The Independent Electoral Commission (IEC) confirmed that the doors to the 130 voting stations in Mitchell’s Plain would be open today, Wednesday May 8, from 7am until 9pm.
This comes hours after protests by Isiqalo informal settlement residents about political party turf led to the area being flagged as a hot spot yesterday, Tuesday May 7.
Police spokesman Captain Lance Goliath said a 27-year-old man was arrested and was due to appear at Mitchell’s Plain Magistrate’s Court on a charge of public violence after a petrol bomb was thrown at a bus at 7.30am on Jakes Gerwel Drive yesterday.
He said four people, aged 29, 31, 34 and 45, were injured and taken to hospital for treatment.
Captain Goliath said cases of malicious damage to property and public violence were being investigated.
Residents were due to cast their votes at their local community centre in the settlement, along Jakes Gerwel, between the R300 and Highlands Drive as Monday and Tuesday were set aside for special votes.
Western Cape electoral officer Courtney Sampson said at the time of the protest around 7am, that a hot spot was determined by the security clusters, including SAPS, after they have done the necessary assessment.
“We’ve been engaging with the community for the past three months. They have indicated that the voting station will be open and people want to vote,” he said.
City of Cape Town Traffic Service’s Richard Coleman said the road was closed between Morgenster Road and the R300 in both directions; Weltevreden Road was closed between Morgenster and Varkensvlei; and Highlands Drive, from Fulham Road towards Jakes Gerwel Drive for about an hour.
The IEC reported that more than 774 000 special voters were able to make their mark at voting stations and at their homes on Monday May 6 and Tuesday May 7.
This was to accommodate the physically infirm, the disabled, pregnant women and those who could not make it to voting stations today, including electoral officials, security personnel, party agents and others.
Yesterday also marked the start of Ramadaan, the month of fasting for Muslims, and the IEC, in consultation with the Muslim Judicial Council (MJC) ahead of the elections, had granted permission for any Muslim voters to apply for special votes should they be unable to visit their voting station due to religious reasons.
At the weekend, Mitchell’s Plain residents were kept busy with a visit by ANC leader President Cyril Ramaphosa, on Friday May 3 at the Mitchell’s Plain Indoor Sport and Recreation Centre in Portland and opposition DA party leader Mmusi Maimane at West End Primary School, in Lentegeur, on Sunday May 5.
Mr Ramaphosa turned the tables on voters, demanding a reason why they should for the ANC. “Now I want you to turn my mind and convince me that you are going to vote for the ANC,” he said.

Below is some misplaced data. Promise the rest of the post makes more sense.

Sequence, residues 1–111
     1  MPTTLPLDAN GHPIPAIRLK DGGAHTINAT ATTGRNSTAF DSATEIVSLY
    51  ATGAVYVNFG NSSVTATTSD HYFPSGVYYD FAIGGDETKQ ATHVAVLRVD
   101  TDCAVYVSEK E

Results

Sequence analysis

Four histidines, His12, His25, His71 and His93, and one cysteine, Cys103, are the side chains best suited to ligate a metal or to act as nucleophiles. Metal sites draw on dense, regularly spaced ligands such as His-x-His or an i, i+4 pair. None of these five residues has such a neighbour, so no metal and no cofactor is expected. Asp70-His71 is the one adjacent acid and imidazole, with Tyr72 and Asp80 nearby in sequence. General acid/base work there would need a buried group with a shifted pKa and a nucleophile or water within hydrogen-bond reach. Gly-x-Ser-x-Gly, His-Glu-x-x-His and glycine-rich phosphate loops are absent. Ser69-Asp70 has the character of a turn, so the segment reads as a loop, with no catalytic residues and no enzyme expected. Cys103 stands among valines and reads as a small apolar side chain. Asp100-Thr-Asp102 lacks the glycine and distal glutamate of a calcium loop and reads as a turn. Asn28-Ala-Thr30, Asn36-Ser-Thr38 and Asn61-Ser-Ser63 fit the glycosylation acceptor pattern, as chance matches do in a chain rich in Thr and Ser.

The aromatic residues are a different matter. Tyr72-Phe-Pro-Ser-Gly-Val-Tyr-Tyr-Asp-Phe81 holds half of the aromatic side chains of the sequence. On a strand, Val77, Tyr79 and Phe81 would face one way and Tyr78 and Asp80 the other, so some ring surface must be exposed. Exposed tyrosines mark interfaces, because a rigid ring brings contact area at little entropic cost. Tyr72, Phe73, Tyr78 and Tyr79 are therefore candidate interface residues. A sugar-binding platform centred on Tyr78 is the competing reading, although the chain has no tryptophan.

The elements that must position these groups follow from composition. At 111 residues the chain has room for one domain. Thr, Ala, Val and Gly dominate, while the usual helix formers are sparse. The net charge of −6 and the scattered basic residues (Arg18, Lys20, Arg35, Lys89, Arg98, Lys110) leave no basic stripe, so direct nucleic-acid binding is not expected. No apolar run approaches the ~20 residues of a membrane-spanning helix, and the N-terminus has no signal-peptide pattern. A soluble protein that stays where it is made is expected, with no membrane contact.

He promised to return to Mitchell’s Plain to have a sit down and talk to residents about their issues after the elections.
His stop in Portland came amid visits to Khayelitsha and Gugulethu on Friday.
Pressed for time, Mr Ramaphosa arrived just before 1pm, minutes after Muslims left to attend Jumu’ah, congregational Friday prayers, and had initially only time for two questions.
He said gang activity has gone down by 24 percent, with the arrests of gangsters and drug dealers since the inception of the SAPS Anti-Gang Unit (AGU) in August last year.
“We want to put them behind bars. We want to put them behind tralies. Hulle moet tronk toe gaan,” he said.
Mr Ramaphosa condemned the high water bills residents had received from the DA-run City of Cape Town.
He said the ANC-led national government would have a more focused approach to ensure that funds allocated for housing be used as such.
He said South Africans should live in dignity, own their title deeds after years of paying rent and should have a sense of pride.
Various Mitchell’s Plain residents, including Yusuf Kamalie, 62, from Eastridge, sat with posters reading: “Mr President please. Help needed. For employees that are losing their jobs”.
Speaking to the Plainsman, Mr Kamalie said he had been working for a transformer building manufacturing company in Blackheath for more than 14 years and now with a new boss was being given short time and eventually, would be without a job.
There are 70 other employees who face retrenchment and Mr Kamalie said: “All I ask is for work to put food on my family’s table.”
Mavis Cupido, from Westridge, popped in to discourage voters from wasting their time waiting for the president.
She said her husband Richard had been waiting at Mitchell’s Plain Community Health Centre, for the third day to collect his medication.
Eleanor Manuels, from Eastridge, said she wanted to ask Mr Ramaphosa to investigate the murder of her son Daniel, five years ago (“Community’s cry for help”, Plainsman August 24, 2016).
Mr Maimane said it was “good” to be in the Western Cape but was corrected to say: “It is great to be in the Western Cape”. The party has had a few public spats following former mayor of Cape Town, Patricia de Lille, resigning from the DA to start the Good Party.
Mr Maimane thanked the DA leadership of the province and said Premier Helen Zille had laid an “incredible foundation”.
“I want to say to every South African activist who has worn blue, has campaigned hard, has gone door to door, house to house – you make South Africa proud because future generations will ask: What did you do with your freedom. You can say I put on my blue sweater and I brought change to SA that set SA up for a prosperous nation,” he said.
Mr Maimane said voters should not give the smaller parties a chance. “We have to show them they have no chance. Geen kans,” he said.
He said in this election, more than ever before, every vote counted. “This election has to be historic,” said Mr Maimane.